CoMSES Net maintains cyberinfrastructure to foster FAIR data principles for access to and (re)use of computational models. Model authors can publish their model code in the Computational Model Library with documentation, metadata, and data dependencies and support these FAIR data principles as well as best practices for software citation. Model authors can also request that their model code be peer reviewed to receive a DOI. All users of models published in the library must cite model authors when they use and benefit from their code.
CoMSES Net also maintains a curated database of over 7500 publications of agent-based and individual based models with additional metadata on availability of code and bibliometric information on the landscape of ABM/IBM publications that we welcome you to explore.
This paper tries to shed some light on the mutual influence of citizen behaviour and the spread of a virus in an epidemic. While the spread of a virus from infectious to susceptible persons and the outbreak of an infection leading to more or less severe illness and, finally, to recovery and immunity or death has been modelled with different kinds of models in the past, the influence of certain behaviours to keep the epidemic low and to follow recommendations of others to apply these behaviours has rarely been modelled. The model introduced here uses a theory of the effect of norm invocations among persons to find out the effect of spreading norms interacts with the progress of an epidemic. Results show that norm invocations matter. The model replicates the histories of the COVID-19 epidemic in various region, including “second waves”, and shows that the calculation of the reproduction numbers from current reported infections usually overestimates the “real” but in practice unobservable reproduction number.
FIBE represents a simple fishery model. Fish that reproduce and fisher with different fishing styles that fish as their main source of income. The aim of the model is to reflect the different fishing behaviours as described and observed in the (Swedish) Baltic Sea fishery and explore the consequences of different approximations of human/fisher behaviour in under different environmental and managerial scenarios.
The overarching aim is to advance the incorporation and understanding of human behaviour (diversity) in fisheries research and management. In particular focusing on insights from social (fishery) science of fisher behaviour.
The Retail Competition Agent-based Model (RC-ABM) is designed to simulate the retail competition system in the Region of Waterloo, Ontario, Canada, which which explicitly represents store competition behaviour. Through the RC-ABM, we aim to answer 4 research questions: 1) What is the level of correspondence between market share and revenue acquisition for an agent-based approach compared to a traditional location-allocation-based approach? 2) To what degree can the observed store spatial pattern be reproduced by competition? 3) To what degree are their path dependent patterns of retail success? 4) What is the relationship between retail survival and the endogenous geographic characteristics of stores and consumer expenditures?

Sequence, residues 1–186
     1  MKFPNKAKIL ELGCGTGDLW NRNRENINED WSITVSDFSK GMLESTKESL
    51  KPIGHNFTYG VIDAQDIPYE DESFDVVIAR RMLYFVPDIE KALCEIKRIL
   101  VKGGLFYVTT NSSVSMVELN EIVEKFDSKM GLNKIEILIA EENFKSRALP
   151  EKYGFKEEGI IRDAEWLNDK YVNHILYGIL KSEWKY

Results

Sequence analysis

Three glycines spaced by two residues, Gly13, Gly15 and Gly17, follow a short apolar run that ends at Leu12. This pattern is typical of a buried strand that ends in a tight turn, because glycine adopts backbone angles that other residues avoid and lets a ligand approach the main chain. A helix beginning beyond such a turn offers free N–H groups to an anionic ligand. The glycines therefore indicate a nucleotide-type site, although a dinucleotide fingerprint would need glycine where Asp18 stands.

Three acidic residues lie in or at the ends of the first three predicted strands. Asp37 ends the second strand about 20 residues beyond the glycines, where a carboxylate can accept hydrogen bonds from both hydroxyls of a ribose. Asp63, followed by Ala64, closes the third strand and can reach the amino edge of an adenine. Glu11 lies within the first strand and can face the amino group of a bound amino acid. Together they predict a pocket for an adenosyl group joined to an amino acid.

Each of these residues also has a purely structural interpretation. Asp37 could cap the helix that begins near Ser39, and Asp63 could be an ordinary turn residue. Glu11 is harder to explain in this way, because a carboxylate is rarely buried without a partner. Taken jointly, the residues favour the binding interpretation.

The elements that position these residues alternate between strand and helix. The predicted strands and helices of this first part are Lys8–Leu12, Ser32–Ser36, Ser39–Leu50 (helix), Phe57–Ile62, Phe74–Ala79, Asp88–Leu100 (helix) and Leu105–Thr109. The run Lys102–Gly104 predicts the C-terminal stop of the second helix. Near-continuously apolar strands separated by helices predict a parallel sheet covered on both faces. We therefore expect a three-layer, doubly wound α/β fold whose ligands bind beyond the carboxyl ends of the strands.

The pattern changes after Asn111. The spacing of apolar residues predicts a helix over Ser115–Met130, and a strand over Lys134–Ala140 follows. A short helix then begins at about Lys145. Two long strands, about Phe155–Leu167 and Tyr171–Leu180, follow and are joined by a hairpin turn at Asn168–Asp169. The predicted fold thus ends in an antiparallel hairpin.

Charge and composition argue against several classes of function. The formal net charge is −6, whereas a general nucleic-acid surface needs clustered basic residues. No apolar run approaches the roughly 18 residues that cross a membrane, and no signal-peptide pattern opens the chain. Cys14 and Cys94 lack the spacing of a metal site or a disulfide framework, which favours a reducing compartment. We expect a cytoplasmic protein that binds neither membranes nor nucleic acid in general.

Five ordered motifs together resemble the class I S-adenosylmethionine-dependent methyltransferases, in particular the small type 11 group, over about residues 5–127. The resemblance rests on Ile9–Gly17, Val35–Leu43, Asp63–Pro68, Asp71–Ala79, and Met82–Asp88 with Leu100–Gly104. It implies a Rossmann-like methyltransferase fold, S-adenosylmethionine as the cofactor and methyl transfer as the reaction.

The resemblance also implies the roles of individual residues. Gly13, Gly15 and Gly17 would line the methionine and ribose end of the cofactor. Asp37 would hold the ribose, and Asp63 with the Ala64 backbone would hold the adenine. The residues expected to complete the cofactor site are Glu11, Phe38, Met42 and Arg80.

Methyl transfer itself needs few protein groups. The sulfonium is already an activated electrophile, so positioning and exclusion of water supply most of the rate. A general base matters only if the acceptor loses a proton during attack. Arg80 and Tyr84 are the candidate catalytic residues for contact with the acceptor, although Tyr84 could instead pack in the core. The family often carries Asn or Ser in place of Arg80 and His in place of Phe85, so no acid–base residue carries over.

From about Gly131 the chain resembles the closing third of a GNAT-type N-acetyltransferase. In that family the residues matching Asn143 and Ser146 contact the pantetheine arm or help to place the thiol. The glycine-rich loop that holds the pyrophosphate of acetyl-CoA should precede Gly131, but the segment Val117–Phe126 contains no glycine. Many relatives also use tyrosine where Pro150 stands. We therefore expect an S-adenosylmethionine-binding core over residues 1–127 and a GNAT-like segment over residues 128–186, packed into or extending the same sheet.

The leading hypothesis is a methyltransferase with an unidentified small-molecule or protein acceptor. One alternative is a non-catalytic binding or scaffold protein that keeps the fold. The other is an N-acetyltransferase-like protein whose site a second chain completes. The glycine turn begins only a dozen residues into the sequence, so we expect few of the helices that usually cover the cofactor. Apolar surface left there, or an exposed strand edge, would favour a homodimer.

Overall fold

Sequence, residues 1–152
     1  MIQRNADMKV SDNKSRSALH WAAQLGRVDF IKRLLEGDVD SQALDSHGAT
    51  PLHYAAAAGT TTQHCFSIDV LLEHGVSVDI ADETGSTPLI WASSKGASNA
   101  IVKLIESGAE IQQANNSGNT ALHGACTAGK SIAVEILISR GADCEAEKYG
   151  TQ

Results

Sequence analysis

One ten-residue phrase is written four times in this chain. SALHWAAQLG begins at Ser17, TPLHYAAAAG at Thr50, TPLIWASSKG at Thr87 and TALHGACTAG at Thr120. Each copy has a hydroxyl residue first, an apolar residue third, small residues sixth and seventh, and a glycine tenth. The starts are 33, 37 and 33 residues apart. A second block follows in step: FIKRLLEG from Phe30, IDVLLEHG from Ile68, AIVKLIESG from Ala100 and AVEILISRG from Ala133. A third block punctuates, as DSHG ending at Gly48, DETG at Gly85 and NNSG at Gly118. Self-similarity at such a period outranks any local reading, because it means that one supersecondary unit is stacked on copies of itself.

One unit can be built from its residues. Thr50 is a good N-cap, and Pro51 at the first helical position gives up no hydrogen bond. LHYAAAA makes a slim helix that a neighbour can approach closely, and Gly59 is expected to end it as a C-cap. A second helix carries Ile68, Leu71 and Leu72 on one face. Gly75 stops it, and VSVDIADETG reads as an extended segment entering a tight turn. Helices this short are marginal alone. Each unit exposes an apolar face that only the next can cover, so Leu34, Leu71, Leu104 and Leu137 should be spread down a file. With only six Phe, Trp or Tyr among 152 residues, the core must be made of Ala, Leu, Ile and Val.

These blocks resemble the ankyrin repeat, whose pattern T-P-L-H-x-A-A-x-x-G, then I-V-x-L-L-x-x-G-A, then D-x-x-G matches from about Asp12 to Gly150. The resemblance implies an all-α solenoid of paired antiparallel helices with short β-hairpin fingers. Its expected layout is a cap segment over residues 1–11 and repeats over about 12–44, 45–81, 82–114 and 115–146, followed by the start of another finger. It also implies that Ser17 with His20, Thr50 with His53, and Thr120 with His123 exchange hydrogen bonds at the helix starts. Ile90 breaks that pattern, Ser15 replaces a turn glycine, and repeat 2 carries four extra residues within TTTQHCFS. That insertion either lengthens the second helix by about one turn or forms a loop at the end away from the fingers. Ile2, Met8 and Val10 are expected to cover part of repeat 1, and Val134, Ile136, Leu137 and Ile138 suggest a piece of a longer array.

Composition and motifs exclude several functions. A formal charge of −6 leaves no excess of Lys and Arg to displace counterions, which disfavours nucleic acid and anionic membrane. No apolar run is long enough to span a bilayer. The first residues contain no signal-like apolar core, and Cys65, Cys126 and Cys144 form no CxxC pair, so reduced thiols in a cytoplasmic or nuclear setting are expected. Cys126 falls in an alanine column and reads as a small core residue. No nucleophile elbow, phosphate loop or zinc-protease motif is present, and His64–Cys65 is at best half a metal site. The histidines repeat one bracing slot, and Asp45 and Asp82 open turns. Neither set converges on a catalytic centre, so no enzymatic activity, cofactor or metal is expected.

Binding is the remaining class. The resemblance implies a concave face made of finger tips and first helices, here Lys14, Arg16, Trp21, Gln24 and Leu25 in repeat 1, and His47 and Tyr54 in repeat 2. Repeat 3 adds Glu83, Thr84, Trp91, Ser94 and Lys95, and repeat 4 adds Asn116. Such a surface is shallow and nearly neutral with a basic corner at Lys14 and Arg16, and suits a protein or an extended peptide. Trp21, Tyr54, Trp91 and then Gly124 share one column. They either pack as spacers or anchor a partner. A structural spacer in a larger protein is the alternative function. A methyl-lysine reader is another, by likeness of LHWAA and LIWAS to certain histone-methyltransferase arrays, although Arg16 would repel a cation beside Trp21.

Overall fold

The purpose of the model is to explore the influence of two circular business models (CBMs),
i.e. Circular Waste Management and Waste-as-byproduct, and its design options (consisting of design
variables) on CBM viability in case of Industrial Symbiosis Networks (ISNs). CBM viability is expressed
as supplier and processor cashflows in the ISNs and the survival rate of the ISN. Moderating variables
are environment and agent behaviour factors. The main performance indicators for viability of CBMs are
 the ISN survival rate (number of runs with surviving ISNs / number of total runs) and  the average
The purpose of the model is to explore the influence of actor behaviour, combined with environment and business model design, on the survival rates of Industrial Symbiosis Networks (ISN), and the cash flows of the agents. We define an ISN to be robust, when it is able to run for 10 years, without falling apart due to leaving agents.
The model simulates the implementation of local waste exchange collaborations for compost production, through the ISN implementation stages of awareness, planning, negotiation, implementation, and evaluation.
One central firm plays the role of waste processor in a local composting initiative. This firm negotiates with other firms to become a supplier of their organic residual streams. The waste suppliers in the model can decide to join the initiative, or to have the waste brought to the external waste incinerator. The focal point of the model are the company-level interactions during the implementation or ending of synergies.